Time variation of kepler transits induced by stellar rotating spots - A way to distinguish between prograde and retrograde motion. I. Theory

Tsevi Mazeh, Tomer Holczer, Avi Shporer

Research output: Contribution to journalArticlepeer-review

Abstract

Some transiting planets discovered by the Kepler mission display transit timing variations (TTVs) induced by stellar spots that rotate on the visible hemisphere of their parent stars. An induced TTV can be observed when a planet crosses a spot and modifies the shape of the transit light curve, even if the time resolution of the data does not allow the detection of the crossing event itself. We present an approach that can, in some cases, use the derived TTVs of a planet to distinguish between a prograde and a retrograde planetary motion with respect to the stellar rotation. Assuming a single spot darker than the stellar disk, spot crossing by the planet can induce measured positive (negative) TTV, if the crossing occurs in the first (second) half of the transit. On the other hand, the motion of the spot toward (away from) the center of the stellar visible disk causes the stellar brightness to decrease (increase). Therefore, for a planet with prograde motion, the induced TTV is positive when the local slope of the stellar flux at the time of transit is negative, and vice versa. Thus, we can expect to observe a negative (positive) correlation between the TTVs and the photometric slopes for prograde (retrograde) motion. Using a simplistic analytical approximation, and also the publicly available SOAP-T tool to produce light curves of transits with spot-crossing events, we show for some cases how the induced TTVs depend on the local stellar photometric slopes at the transit timings. Detecting this correlation in Kepler transiting systems with high enough signal-to-noise ratio can allow us to distinguish between prograde and retrograde planetary motions. In upcoming papers we present analyses of the KOIs and Kepler eclipsing binaries, following the formalism developed here.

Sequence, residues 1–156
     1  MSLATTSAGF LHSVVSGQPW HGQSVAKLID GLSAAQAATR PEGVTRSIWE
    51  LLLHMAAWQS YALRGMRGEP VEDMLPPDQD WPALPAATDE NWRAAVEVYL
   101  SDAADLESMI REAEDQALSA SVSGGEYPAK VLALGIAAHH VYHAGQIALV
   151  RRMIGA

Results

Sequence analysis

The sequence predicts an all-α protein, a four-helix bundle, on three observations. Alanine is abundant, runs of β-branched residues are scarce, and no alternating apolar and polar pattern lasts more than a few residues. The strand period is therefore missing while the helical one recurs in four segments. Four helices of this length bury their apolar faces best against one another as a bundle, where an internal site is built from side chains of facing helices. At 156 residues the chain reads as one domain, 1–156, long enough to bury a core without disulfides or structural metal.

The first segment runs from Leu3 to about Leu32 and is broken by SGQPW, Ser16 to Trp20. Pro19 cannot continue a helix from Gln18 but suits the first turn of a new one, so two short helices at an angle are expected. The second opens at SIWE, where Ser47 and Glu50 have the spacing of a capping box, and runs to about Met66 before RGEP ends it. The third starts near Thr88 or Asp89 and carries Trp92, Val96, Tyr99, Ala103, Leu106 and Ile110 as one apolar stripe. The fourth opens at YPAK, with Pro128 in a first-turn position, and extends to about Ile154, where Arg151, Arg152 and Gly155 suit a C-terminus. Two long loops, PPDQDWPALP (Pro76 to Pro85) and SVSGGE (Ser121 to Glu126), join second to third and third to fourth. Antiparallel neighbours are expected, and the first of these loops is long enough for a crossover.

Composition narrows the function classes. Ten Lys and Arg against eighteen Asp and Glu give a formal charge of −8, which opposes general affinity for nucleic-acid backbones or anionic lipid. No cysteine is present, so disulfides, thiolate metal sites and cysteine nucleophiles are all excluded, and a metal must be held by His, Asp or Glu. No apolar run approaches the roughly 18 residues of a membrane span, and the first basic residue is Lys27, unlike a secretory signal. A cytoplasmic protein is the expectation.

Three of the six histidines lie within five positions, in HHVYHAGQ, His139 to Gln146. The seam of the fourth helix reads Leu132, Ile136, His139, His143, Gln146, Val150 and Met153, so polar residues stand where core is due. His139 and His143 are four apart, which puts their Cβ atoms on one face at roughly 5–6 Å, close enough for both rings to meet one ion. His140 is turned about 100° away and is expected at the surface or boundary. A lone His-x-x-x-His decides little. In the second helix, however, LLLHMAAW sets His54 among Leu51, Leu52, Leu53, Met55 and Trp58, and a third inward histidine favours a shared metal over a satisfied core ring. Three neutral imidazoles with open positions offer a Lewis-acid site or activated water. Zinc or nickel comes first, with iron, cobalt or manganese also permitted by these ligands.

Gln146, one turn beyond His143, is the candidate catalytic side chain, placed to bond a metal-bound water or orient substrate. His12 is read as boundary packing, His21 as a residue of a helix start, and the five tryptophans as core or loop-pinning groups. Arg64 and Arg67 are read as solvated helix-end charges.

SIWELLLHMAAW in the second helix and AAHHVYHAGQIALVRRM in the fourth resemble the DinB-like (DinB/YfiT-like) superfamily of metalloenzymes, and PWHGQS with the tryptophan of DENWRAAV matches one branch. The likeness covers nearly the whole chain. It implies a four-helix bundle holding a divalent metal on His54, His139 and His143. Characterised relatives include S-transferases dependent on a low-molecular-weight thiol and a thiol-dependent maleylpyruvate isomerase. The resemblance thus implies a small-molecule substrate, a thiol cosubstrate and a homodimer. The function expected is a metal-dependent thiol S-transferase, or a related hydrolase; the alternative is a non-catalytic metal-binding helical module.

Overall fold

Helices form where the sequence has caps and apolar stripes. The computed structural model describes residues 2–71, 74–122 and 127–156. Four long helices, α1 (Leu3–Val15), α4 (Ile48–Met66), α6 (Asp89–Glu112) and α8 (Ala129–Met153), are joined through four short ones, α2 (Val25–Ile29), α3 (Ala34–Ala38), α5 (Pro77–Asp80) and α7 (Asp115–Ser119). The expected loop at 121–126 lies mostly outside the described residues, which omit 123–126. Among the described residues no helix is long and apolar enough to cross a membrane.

Original languageEnglish
Article number142
JournalAstrophysical Journal
Volume800
Issue number2
DOIs
StatePublished - 20 Feb 2015

Funding

FundersFunder number
Seventh Framework Programme291352

    Keywords

    • planetary systems
    • stars: rotation
    • starspots
    • techniques: photometric

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